The effects of load-shedding on homes and businesses have been so brutal, and the South African Reserve Bank says that during the higher stages of load-shedding, where consumers can experience 12 hours of load-shedding per day, South Africa loses up to R900 million ($50 million) per day. This Tuesday, for the first time, South Africa’s national utility company implemented Stage 7 load-shedding. They shed a whopping 7,045 MW! To put that into perspective, that is like switching off two countries with the installed capacity of Kenya. This was due to a record amount of plant capacity being unavailable due to scheduled maintenance and mostly breakdowns at its aging coal power plants.

South Africa has an installed generation capacity of about 50,000 MW but, quite often, about  20,000 MW of this is often unavailable due to those reasons. Peak demand is usually around 30,000 MW in the summer and a lot more in the winter. According to Eskom, on Tuesday evening, the demand was about 30,480 MW, but the available generation from Eskom’s fleet was only 23,289 MW, hence the need to shed 7,045 MW. It could have been worse had it not been for about 1,262 MW from some utility-scale renewables (791 MW from wind and 390 MW from concentrated solar plants) as well as additional contributions from Eskom’s own, plus independent power producers’ emergency open cycle gas turbines. Eskom has had to burn a lot of diesel to help the dire power situation, which is not a cheap exercise. An urgent solution to the power crisis is needed ASAP. These new incentives are a good start.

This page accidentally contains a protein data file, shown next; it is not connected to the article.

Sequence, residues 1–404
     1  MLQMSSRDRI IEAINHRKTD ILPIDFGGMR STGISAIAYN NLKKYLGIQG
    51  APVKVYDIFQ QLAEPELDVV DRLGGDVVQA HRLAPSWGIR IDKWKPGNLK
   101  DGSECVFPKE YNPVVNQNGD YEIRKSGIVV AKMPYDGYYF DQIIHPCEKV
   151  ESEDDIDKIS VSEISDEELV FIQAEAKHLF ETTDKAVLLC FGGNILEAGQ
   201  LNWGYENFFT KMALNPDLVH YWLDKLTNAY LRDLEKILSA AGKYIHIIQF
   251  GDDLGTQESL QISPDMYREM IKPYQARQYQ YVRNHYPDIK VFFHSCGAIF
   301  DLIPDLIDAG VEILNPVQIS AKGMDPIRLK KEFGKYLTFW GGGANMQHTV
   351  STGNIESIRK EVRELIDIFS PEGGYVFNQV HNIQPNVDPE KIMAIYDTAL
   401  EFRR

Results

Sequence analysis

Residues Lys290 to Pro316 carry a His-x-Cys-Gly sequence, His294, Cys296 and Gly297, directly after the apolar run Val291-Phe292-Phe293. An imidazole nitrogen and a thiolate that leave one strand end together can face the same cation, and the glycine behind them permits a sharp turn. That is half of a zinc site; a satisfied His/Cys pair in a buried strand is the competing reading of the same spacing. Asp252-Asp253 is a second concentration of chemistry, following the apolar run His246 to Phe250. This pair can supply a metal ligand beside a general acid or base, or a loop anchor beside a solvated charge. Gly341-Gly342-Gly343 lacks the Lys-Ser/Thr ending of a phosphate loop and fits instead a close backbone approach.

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Remeredzai Joseph Kuhudzai has been fascinated with batteries since he was in primary school. As part of his High School Physics class he had to choose an elective course. He picked the renewable energy course and he has been hooked ever since. At university he continued to explore materials with applications in the energy space and ending up doing a PhD involving the study of radiation damage in High Temperature Gas Cooled Nuclear Reactors. He has since transitioned to work in the Solar and Storage industry and his love for batteries has driven him to obsess about electric vehicles.